Diagnosis vs Creation

I’ve just passed the one-year mark of my maiden voyage into the world of creative writing, and my perspective on the process has changed dramatically. A huge part of that evolution, obviously, is because I’ve cranked out about 160K words since then (and another ~250K in rewrites/revising). That is only part of what I’ve undertaken in the last year, however. I’ve also been an avid student of writing books, blogs and YouTube lectures almost every day for that year. A year’s worth of guerrilla education counts for something!

Some of the books covered good fundamentals, but for the most part every one of those resources sought to arm me with “tools” of the craft, to help me improve. Some were about pacing, some characterization and voice, others about conflict, or tension, or any of a hundred other things. I built up quite an arsenal over all those months.

And I’ve been using all these tools almost entirely wrong the whole time.

As a new writers, I fell into the trap of taking some of this advice too literally… or at least I put it to use too mechanically, the engineer within me shining through. For instance, consider Swain’s mantra of “scene-sequel.” This is held by many writers to be an absolutely fundamental means of forming paragraphs for optimal effect.

So when I sat down to write, I actually mapped out my chapters as a sequence of alternating scenes and sequels in advance. I stressed about the places where there were two scenes back to back, or when a chapter ended on a scene instead of a sequel, etc.

Another writing tool in my box is to vary sentence length in order to set the pacing of the story, speeding it and slowing it as necessary. Once again, I outlined the places where my pacing needed to change and set to work with a knife to shorten every sentence in those sections. Then I sprinkled in extra words in the slow section to further the contrast.

I’m sure you are starting to see the problem. I’ll just use one more example.

Somewhere else I learned that you should employ all five senses in your description, so in every chapter I made sure to include at least two non-visual senses in my descriptions, wherever I could find an opening.

…and with all that in tow, writing became a mechanical chore.

Not only that, but the output still didn’t feel right. So what is the solution? Throw out all the rulebooks and trail-blaze? Apply the rules in some moderation? Suck it up because this is how real writing works?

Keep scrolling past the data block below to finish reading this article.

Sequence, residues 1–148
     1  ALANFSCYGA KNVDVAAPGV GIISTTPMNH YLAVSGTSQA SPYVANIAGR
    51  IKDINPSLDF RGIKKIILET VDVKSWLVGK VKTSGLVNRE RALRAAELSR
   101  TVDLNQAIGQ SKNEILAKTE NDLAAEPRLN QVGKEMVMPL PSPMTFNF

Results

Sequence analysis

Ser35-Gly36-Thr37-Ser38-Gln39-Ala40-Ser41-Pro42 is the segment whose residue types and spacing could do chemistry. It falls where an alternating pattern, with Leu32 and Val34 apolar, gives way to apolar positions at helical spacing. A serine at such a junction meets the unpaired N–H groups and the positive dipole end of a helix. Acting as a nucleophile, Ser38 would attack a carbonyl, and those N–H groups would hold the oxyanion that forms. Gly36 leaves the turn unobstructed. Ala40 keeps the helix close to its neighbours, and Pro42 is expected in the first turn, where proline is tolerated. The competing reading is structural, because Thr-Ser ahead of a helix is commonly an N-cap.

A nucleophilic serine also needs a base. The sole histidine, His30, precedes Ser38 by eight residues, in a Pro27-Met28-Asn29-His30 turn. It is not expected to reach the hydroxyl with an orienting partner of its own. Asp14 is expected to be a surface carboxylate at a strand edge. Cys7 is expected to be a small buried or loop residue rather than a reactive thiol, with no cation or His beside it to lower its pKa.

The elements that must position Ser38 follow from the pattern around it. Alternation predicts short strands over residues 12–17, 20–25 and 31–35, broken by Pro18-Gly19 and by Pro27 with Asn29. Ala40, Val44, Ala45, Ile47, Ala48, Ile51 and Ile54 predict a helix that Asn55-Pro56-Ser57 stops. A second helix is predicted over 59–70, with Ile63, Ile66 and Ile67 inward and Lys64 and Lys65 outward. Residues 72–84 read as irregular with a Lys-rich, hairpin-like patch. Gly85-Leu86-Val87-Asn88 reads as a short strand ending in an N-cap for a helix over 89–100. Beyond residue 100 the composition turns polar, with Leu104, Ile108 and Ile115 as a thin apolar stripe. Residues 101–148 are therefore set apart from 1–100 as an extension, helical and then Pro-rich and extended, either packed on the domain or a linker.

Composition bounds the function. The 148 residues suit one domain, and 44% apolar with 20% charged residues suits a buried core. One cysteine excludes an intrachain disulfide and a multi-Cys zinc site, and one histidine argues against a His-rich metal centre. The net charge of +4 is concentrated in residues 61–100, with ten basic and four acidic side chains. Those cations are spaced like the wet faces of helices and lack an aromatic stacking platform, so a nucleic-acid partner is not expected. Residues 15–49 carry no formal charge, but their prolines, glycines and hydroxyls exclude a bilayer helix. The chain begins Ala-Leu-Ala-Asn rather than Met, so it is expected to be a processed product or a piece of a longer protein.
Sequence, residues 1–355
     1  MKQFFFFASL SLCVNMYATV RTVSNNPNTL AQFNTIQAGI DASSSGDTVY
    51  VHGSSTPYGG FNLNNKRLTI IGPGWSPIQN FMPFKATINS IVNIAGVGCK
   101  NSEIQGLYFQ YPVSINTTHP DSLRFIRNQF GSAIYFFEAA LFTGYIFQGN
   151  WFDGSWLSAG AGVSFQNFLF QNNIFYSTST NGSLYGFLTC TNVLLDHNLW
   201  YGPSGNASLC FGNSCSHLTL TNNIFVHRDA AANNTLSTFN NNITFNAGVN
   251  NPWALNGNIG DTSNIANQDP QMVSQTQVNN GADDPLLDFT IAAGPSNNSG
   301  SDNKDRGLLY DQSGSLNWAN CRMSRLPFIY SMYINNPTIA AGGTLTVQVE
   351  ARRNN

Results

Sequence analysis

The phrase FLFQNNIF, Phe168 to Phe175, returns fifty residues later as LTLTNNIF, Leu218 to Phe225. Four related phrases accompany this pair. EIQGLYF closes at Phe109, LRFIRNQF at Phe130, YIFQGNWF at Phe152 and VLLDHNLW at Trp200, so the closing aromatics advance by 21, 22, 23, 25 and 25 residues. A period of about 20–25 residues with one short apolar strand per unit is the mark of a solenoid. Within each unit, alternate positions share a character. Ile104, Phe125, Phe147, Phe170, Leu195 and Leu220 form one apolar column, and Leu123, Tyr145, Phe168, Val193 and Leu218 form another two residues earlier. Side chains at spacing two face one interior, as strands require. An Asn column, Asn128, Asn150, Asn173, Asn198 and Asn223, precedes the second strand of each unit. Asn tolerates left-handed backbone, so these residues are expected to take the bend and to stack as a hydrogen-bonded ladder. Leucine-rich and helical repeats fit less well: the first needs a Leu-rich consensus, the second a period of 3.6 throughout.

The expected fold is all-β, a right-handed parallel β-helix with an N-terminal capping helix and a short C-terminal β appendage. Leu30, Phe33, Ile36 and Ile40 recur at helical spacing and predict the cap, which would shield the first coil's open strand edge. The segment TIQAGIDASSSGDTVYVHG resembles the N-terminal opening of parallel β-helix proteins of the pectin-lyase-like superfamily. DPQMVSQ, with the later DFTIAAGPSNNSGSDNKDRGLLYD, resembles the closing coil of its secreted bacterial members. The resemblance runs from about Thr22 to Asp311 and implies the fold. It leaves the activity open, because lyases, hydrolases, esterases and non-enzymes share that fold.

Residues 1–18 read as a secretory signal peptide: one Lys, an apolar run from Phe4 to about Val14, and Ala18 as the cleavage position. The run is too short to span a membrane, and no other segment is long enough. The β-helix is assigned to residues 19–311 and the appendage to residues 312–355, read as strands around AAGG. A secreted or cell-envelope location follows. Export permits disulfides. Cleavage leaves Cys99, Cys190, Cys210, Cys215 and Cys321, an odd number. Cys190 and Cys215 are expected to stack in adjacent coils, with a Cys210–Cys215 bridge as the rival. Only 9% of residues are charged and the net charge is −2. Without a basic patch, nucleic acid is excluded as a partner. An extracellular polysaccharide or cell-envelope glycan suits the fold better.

I think I have the answer, and it is none of the above.  It turns out most of these rules and guidelines are really excellent tools for diagnosing issues in a scene, rather than creating the scene itself. I’ve come to think of them as the features of my debugger, rather than my compiler.

What do I mean by that?

What troubled me so much before was that I was thinking about all these guidelines and rules as if they would help me to generate a brand new story. I was trying to lay down words only after thinking through all the relevant rules that applied to the situation I was crafting. All these restrictions and signposts did not make the writing better. In fact, I am far more effective when I don’t worry about any of that and just rely on instinct.  Granted my instinct is informed by the learning I have done, but the rules are implicit there — they aren’t considered specifically while crafting. I’ve come to understand that this is how it should be.

When it is time to write, use your instincts, and ditch the bag of tools at the door.

The right time to grab the rulebook is AFTER the first round of writing is complete. When I am going back and re-reading something, I may well find it isn’t working, and that is when I can open up my bag of tools and start looking for discrepancies.

If an exciting scene feels awkward, I can start framing it in terms of the guidelines to help me spot what might be wrong. Maybe I am missing a sequel-paragraph, which is making it awkward. And why wasn’t this character moment powerful? Well, the build up doesn’t invoke the character’s voice enough to stage the right emotions.

In this way, all these tools help in debugging the writing, where they failed in creating it.

 

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